Over the past two years, the national conversation around raising the minimum wage has shifted drastically.
In 2013, President Barack Obama was calling for just a $9 minimum wage. Many state proposals were in the same range. Last month, the president announced his “unconditional support” for the Congressional Democrats’ new legislation, spearheaded by Sen. Patty Murray and Rep. Robert C. “Bobby” Scott, calling for raising the wage to $12 by 2020 — a 33% boost over the President’s 2013 proposal. And across the country from Maine to Colorado to California, states are proposing similar increases to $12-$13 or more — with some cities raising the wage as high as $15.
What happened? The economy’s tilt toward low paying jobs, workers in the streets calling for a $15 minimum wage, and growing recognition that low wages are holding our economy back have shifted public opinion decisively in favor of more meaningful increases in the minimum wage. A January 2015 Peter Hart poll showed that three in four Americans (including 53% of Republicans and 73% of independents) support raising the federal minimum wage to more than $12. Growing numbers of major employers have also announced action to raise pay for workers at the bottom, citing the bottom-line business benefits of a better paid and motivated workforce.
Responding to this movement, Congressional Democrats, led by Sen. Murray and Rep. Scott, have upped the ante with last month’s introduction of the Raise the Wage Act of 2015, which would raise the wage to $12 by 2020. Their proposal would raise pay for more than one in four of America’s workers — a total of 38 million, and 10 million more than the Democrats’ previous $10.10 proposal. The proposal reflects the first time the Democrats’ have called for fully restoring the minimum wage to its historic high level of 45 years ago — an era when it raised pay broadly across the bottom of the economy, and the nation enjoyed strong growth and low unemployment.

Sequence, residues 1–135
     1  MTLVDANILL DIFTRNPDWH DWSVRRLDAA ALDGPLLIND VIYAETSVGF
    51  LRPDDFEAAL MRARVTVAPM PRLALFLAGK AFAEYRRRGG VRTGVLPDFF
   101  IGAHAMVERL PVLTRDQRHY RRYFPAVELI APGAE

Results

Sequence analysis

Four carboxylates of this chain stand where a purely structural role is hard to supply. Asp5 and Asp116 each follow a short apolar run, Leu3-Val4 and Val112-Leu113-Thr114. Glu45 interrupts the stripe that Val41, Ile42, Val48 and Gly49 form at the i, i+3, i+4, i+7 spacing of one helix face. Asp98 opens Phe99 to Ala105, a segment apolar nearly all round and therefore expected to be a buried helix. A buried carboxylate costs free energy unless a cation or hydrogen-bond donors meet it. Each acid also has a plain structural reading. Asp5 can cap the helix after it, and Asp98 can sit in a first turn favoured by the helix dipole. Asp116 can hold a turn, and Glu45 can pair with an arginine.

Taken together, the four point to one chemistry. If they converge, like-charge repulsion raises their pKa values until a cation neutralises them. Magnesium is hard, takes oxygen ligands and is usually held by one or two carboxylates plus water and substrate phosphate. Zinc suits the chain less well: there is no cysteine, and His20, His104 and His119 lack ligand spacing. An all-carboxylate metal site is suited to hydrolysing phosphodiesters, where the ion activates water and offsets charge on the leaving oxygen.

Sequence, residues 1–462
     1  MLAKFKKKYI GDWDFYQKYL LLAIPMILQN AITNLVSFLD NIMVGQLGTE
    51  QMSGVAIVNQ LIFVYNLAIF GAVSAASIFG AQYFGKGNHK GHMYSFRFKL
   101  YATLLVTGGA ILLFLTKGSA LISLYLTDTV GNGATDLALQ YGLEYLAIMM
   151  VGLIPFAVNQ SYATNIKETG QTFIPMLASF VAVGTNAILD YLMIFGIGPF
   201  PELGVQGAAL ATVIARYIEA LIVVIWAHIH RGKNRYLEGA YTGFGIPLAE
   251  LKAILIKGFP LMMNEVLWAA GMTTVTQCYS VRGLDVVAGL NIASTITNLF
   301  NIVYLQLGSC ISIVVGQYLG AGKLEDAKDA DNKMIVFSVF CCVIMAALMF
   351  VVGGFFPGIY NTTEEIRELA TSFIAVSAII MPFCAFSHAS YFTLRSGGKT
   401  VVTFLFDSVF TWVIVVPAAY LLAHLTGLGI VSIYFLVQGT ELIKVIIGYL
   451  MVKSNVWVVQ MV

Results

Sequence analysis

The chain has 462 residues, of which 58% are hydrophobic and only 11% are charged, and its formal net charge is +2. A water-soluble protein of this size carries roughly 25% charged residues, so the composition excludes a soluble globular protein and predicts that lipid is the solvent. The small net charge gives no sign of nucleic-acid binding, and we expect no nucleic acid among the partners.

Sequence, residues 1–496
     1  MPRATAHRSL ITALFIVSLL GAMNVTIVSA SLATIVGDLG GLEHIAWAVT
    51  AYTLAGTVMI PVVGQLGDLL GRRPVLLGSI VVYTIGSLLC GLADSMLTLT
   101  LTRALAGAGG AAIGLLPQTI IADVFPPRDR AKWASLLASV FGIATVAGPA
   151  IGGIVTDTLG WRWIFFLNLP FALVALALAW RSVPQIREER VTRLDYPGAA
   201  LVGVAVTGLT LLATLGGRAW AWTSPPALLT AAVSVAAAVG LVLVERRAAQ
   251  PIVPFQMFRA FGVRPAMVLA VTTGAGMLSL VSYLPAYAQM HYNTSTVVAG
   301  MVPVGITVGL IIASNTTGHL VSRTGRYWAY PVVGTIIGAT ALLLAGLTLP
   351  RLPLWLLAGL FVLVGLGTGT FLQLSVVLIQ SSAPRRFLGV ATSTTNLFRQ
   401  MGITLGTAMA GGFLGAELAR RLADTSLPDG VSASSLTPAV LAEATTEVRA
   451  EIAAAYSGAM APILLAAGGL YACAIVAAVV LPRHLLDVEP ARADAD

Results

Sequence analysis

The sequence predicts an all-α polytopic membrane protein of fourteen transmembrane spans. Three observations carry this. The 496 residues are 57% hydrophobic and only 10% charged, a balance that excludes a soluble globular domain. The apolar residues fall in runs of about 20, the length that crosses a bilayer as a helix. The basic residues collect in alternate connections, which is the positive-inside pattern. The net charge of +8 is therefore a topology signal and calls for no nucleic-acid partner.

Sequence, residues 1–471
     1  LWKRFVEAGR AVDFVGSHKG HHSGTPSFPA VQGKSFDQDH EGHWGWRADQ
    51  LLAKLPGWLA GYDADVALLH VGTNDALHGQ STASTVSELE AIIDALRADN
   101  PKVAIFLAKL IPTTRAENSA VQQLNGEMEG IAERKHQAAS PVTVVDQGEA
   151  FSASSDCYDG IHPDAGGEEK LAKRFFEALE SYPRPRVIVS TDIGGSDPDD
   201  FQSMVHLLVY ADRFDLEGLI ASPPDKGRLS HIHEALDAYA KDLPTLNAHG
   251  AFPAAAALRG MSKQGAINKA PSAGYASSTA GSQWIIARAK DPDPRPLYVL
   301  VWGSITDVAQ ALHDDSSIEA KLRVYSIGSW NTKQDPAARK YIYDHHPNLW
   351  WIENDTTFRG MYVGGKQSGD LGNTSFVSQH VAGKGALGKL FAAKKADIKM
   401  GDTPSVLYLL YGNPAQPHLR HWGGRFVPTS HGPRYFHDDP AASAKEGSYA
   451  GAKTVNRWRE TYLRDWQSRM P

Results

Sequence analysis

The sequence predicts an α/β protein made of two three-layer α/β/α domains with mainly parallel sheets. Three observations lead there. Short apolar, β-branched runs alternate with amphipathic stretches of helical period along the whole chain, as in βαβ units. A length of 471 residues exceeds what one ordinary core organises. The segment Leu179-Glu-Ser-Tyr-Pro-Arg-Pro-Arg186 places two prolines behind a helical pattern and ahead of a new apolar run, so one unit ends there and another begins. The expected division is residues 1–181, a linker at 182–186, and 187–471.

In another historic step, the Raise the Wage Act for the first time calls for gradually eliminating altogether the much-criticized subminimum tipped wage, which has been frozen at a meager $2.13 for over 20 years, and beginning in 2021, automatically adjusting the new wage rate to keep pace with the growth in median wages, so that the benefits of growth are shared with workers across the economy.
The impact of the bolder proposal for America’s workforce would be widely felt. According to recent estimates by the Economic Policy Institute, the new wage rate of $12 per hour will boost earnings for some 10 million parents, 21 million women and nearly 18 million workers of color.
In light of the rapidly shifting national environment, here’s a prediction for the next 18 months: Last month’s federal $12 wage proposal will become the new floor in the national minimum wage debate. Presidential hopefuls or candidates for other offices seeking to address wages and inequality will no longer be able to call for more modest action without looking out of step with the national progressive momentum. Instead, $12 to $15 will define the new range of conversation for action on the minimum wage in the run up to the 2016 election.
Much of this debate will be among Democrats and those vying for the mantle of progressive leadership. But what about Republicans, some of whom call for not raising but eliminating the federal minimum wage altogether? Although the new $12 federal bill is the Congressional Democrats’ new benchmark, Republicans would be well served, as GOP strategists and media from Haley Barbour to Bill O’Reilly have urged, to recalibrate their opposition to one of the few concrete steps the government can take to improve the lives of tens of millions of struggling Americans. The minimum wage isn’t a partisan issue for the public. While many Republicans in Congress and in state legislatures are dug in on the issue — a testament to the clout of industry lobbyists in the post-Citizens United era — voters of all stripes, including majorities of Republicans and three out of four Independents back strong action on the minimum wage.
Last year’s elections provided a vivid illustration of the bipartisan appeal of raising the minimum wage. In November 2014, voters in deep red states approved minimum wage ballot proposals by large margins. Growing numbers of states and localities are providing the action on minimum wages that voters want — even some with Republican-controlled legislatures. The growing $15 movement has placed a national spotlight on the plight of low-wage workers who as a result have been making significant strides in winning pay raises for workers in fast food, retail, health care and other low-wage industries.
Last month’s action brings the federal minimum wage debate to $12 and higher, and will ratchet up the political risks for Republicans of stonewalling on the minimum wage. How candidates position themselves — and whether more recognize that continuing to duck the need to improve wages and jobs for America’s workers is a losing political proposition — will tell a lot about their values. And it will also give a good indication about how the national conversation around the economy and inequality unfolds as we head toward the presidential election.
Read the original article at CNN.